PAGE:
Mother's Day

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Tied to a three day series of holidays, the Mother's Day cycle in the former Republic of Yugoslavia begins with Children's Day or "Dechiyi Dan" three days before Christmas. The following Sunday is Mother's Day or "Materitse", and the Sunday after that is Father's Day or 'Ochichi'.

On Children's Day the children are tied up and not released until they promise to be good. On Mother's day the mother is bound. To earn her freedom she must give the family treats and candy. The father gets tied the next Sunday but must promise more lavish gifts, clothing or shoes, and these items are usually the family's Christmas gifts. The typical gifts exchanged include candy, sweets, clothing, shoes, coats-and promises of good behavior. 

Though most of South America observes Mother's Day - Día de la madre - in May, Argentina celebrates on the second Sunday in October. Husbands cook and clean and look after the family, allowing the mother to relax and enjoy the day.  

One example of an Argentinean Mother's Day surprise party involves young children gathering their mothers together, encircling them in a room or hallway and reading them poetry. After the reading, a door at the end of the hall is opened to let in all the children's grandmothers who have been hiding as a surprise.

Inspired by American soldiers in World War I, France celebrated Mother's Day first in 1918. The Minister of the Interior created the official day in 1920, declaring December 19 La Fete de Meres, Mothers' Day. The focus then was on the re-population of France following the high rate of attrition from the Great War (aka WWI). Mothers with four or five children were awarded a bronze medal. For six or seven the mother would receive a silver medal, and eight or more offspring garnered the gold.

This tradition was abandoned when a more modern version of Mother's Day came from the Vichy government, which on May 25, 1945, instituted the National Day of Mothers. Today a common gift is a cake shaped to resemble a bouquet of flowers, along with candies, flowers, cards and perfumes.

In India, Hindus have long celebrated a 10 day festival in October called Durga Puja. As the ancient Greeks honored their earth goddess, the Hindu holiday praises their divine mother, Durga. This ancient festival has evolved into one of the biggest events in India. Families spend weeks preparing food and gifts for friends and cleaning and decorating their houses for parties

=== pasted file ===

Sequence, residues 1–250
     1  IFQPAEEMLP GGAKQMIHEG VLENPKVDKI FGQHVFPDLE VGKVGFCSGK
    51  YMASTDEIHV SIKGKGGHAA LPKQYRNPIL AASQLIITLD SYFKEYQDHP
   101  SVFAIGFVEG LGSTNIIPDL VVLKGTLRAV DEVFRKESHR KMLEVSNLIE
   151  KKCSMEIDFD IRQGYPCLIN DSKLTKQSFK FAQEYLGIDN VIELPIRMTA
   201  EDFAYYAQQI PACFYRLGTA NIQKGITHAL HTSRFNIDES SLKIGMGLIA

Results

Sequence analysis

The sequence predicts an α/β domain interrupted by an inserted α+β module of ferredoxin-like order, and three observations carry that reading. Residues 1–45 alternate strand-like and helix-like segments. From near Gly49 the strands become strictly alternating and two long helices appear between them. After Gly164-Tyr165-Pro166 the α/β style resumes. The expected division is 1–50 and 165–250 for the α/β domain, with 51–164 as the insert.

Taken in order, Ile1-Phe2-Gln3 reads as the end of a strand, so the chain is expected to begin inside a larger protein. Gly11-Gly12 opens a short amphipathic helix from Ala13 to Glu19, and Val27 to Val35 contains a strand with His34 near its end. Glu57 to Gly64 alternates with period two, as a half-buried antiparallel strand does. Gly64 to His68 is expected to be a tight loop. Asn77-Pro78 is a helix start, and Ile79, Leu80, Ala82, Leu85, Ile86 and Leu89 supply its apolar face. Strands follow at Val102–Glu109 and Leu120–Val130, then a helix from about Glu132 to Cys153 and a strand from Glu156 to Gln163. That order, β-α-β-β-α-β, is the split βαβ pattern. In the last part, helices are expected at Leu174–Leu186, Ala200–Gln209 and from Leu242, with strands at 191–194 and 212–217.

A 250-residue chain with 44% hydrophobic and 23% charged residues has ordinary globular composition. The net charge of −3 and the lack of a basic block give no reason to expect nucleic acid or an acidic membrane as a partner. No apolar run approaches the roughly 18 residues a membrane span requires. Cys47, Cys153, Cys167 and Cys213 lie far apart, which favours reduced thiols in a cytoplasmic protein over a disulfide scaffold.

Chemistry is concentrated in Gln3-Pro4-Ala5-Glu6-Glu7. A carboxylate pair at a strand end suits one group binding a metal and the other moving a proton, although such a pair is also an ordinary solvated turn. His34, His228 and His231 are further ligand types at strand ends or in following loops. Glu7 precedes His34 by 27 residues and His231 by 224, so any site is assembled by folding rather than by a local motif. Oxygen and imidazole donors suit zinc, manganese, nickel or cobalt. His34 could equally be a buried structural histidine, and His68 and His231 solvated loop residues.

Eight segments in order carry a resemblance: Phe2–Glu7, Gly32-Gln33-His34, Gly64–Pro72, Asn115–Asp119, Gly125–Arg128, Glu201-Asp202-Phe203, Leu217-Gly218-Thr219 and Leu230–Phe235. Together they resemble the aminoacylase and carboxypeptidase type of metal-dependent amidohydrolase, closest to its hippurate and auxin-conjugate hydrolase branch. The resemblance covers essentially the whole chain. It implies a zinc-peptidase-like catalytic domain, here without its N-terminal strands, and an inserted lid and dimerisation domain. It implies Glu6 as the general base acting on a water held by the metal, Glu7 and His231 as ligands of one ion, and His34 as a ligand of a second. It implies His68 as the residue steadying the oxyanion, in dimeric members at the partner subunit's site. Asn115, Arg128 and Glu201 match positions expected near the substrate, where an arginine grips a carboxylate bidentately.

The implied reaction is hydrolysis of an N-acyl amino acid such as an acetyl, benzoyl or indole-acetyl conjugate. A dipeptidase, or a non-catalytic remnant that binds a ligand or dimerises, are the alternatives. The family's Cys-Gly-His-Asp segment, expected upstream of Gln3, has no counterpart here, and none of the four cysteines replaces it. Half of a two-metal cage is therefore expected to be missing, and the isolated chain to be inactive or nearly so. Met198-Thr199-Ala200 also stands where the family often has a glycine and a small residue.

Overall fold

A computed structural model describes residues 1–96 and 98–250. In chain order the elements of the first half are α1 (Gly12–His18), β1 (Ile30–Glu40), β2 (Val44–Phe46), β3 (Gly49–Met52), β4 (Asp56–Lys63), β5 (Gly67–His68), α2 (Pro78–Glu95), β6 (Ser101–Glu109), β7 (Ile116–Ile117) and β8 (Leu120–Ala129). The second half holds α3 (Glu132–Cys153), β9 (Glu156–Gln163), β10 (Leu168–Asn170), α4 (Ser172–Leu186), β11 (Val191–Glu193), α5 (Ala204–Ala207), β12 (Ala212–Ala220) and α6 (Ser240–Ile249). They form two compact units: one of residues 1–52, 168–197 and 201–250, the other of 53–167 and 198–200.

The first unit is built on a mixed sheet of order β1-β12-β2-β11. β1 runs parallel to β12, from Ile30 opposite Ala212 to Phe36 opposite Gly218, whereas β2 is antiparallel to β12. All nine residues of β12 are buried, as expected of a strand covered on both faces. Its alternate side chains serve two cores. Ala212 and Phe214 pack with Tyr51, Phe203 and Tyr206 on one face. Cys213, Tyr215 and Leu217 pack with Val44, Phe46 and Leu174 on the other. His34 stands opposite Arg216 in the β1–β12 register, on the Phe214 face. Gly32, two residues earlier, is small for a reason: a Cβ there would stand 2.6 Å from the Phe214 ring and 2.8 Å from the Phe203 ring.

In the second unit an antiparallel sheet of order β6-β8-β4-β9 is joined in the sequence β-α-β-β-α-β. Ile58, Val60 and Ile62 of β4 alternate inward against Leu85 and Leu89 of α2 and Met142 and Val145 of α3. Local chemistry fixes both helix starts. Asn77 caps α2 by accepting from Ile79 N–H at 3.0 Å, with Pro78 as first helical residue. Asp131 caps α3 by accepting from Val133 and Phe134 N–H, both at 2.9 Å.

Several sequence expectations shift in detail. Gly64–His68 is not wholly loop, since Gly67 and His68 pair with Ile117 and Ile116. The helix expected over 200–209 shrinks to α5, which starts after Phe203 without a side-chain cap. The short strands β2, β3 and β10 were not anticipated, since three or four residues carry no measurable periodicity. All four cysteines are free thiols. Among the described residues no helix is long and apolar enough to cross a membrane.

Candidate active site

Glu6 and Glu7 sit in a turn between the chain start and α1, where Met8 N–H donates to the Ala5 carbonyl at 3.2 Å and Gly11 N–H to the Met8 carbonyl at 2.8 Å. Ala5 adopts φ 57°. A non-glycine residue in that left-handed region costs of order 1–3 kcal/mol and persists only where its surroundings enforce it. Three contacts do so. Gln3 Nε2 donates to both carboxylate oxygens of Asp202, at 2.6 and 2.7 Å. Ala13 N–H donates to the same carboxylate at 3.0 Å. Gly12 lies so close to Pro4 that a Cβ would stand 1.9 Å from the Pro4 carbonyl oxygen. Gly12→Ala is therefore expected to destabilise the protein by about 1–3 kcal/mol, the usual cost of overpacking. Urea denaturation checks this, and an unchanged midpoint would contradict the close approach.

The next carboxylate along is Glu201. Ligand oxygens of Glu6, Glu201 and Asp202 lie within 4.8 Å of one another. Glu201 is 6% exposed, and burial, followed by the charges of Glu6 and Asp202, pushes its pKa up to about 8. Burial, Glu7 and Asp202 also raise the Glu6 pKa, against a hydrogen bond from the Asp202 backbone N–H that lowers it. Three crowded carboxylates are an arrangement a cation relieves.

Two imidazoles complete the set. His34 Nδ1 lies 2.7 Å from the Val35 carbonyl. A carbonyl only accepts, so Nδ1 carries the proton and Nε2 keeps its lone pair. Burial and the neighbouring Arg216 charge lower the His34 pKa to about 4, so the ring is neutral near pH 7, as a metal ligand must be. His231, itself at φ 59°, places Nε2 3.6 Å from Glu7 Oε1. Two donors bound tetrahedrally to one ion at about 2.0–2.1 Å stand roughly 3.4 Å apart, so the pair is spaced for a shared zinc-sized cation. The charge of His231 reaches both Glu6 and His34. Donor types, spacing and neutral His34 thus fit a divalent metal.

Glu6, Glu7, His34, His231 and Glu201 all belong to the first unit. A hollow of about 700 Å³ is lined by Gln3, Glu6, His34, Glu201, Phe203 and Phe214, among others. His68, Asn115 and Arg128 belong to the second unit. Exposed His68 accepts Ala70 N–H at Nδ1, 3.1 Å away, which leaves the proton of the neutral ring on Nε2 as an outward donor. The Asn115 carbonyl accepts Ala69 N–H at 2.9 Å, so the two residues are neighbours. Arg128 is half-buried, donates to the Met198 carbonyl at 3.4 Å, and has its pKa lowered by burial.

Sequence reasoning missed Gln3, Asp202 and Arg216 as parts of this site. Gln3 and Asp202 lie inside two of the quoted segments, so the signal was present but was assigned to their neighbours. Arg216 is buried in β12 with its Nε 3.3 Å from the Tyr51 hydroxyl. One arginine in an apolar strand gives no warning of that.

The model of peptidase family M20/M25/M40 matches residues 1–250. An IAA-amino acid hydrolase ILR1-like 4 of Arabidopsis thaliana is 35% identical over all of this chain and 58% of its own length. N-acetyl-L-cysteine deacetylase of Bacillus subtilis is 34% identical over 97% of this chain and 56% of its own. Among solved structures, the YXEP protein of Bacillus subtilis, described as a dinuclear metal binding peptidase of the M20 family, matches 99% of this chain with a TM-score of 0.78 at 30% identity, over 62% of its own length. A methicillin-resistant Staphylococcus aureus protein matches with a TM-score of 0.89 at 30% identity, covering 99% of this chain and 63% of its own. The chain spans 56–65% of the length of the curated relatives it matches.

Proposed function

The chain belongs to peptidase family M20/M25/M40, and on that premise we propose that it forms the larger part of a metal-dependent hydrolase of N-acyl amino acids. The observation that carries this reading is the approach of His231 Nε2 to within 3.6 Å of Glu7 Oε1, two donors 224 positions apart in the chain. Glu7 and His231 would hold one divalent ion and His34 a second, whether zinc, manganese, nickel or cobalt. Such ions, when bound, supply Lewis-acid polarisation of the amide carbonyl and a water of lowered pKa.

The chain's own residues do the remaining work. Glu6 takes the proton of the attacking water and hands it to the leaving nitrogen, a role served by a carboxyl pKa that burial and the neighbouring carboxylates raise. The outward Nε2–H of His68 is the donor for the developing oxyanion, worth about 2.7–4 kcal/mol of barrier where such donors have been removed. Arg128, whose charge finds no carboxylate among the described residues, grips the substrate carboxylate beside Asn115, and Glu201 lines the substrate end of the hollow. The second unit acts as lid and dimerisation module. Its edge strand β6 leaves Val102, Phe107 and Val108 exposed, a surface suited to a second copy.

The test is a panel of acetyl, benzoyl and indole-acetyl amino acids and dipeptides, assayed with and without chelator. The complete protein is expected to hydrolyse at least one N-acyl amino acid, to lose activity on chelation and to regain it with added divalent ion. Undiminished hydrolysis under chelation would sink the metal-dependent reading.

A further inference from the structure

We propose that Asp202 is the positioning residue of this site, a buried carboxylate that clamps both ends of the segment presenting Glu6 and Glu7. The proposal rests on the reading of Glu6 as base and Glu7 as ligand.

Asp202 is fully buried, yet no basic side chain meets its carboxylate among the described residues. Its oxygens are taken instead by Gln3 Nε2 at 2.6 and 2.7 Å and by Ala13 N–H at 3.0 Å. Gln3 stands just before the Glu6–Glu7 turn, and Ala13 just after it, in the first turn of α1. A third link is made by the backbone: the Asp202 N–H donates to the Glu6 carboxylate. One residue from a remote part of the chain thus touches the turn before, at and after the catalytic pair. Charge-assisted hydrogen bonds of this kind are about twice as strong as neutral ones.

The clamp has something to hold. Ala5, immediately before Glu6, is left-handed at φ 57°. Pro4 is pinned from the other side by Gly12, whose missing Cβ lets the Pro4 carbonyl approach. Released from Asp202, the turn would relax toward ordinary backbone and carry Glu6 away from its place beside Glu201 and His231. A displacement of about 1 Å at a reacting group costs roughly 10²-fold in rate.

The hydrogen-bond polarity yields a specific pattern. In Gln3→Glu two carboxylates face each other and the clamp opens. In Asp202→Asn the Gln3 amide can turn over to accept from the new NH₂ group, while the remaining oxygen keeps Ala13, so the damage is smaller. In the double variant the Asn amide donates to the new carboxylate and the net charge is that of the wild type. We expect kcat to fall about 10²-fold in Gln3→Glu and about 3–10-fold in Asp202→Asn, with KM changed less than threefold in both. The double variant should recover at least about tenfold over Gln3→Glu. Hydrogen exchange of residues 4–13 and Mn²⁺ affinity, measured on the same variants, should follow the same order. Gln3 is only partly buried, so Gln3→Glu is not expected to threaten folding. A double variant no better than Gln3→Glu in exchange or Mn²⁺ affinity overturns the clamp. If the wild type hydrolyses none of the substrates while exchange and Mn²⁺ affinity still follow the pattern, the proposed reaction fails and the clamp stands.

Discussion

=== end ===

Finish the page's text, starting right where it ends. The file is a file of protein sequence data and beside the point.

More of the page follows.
The Japanese call Mother's Day haha no hi. In 1913, Japanese Christians were already celebrating it, based on the American practice. It grew steadily in popularity and in the 1930's it was especially prevalent. That changed during WWII when the practice was banned along with all other western customs. After the war, however, the tradition was taken up again to help comfort to the mothers who had lost children in the war. By 1949, the celebration of Mother's Day had again spread throughout the country. The Japanese began holding an art contest for children. The children would enter drawings of their Mothers, and the winning drawings would tour through Japan and other countries in an art exhibit celebrating Mothers and peace. This contest was held every four years. Today, the Japanese celebrate Mother's Day on the second Sunday of May. A family may prepare and enjoy traditional dishes that their mothers taught them to cook. The Japanese give their Mothers flowers (especially red carnations), scarves, handkerchiefs and handbags.

In Spain, where the holiday is more religious, people respect and remember the Virgin Mary on December 8. Children also honour their own mothers on this day.

In Sweden, they sell little plastic flowers before Mother's Day. They then use the money that they make from these flowers to send the mothers with many children on vacation.

In Mexico, mothers day functions are organised at many schools where children present skits and songs to express their gratitude for their mothers and to entertain them. 

Mother's Day in Ethiopia occurs in mid-fall when the rainy season ends. Called 'Antrosht', Ethiopians celebrate by making their way home when the weather clears for a large family meal and a three-day-long celebration. For the feast the children bring ingredients for a traditional hash recipe. The ingredients are divided along gender lines, with girls bringing butter, cheese, vegetables and spices while the boys bring a bull or lamb. The mother prepares the hash and hands it out to the family. After the meal a celebration takes place. The mothers and daughters ritually anoint themselves with butter on their faces and chests. They dance while the men sing songs in honor of family and heroes. This cycle of feasting and celebration lasts two or three days.

In Finland Mother's Day is called 'aidipayiva'. In the morning the family takes a walk, picking the new flowers that bloom this time of year and making a bouquet for the mother. A particular flower called the valkovuokko is popular. This is a small white pungent flower. Back home Mum is presented with a decorated bouquet, while also being served breakfast in bed.

Mongolia is the only country in the world to celebrate mother's day twice every year! Mother's and Children's Day on June 1 and March 8 International Women's Day.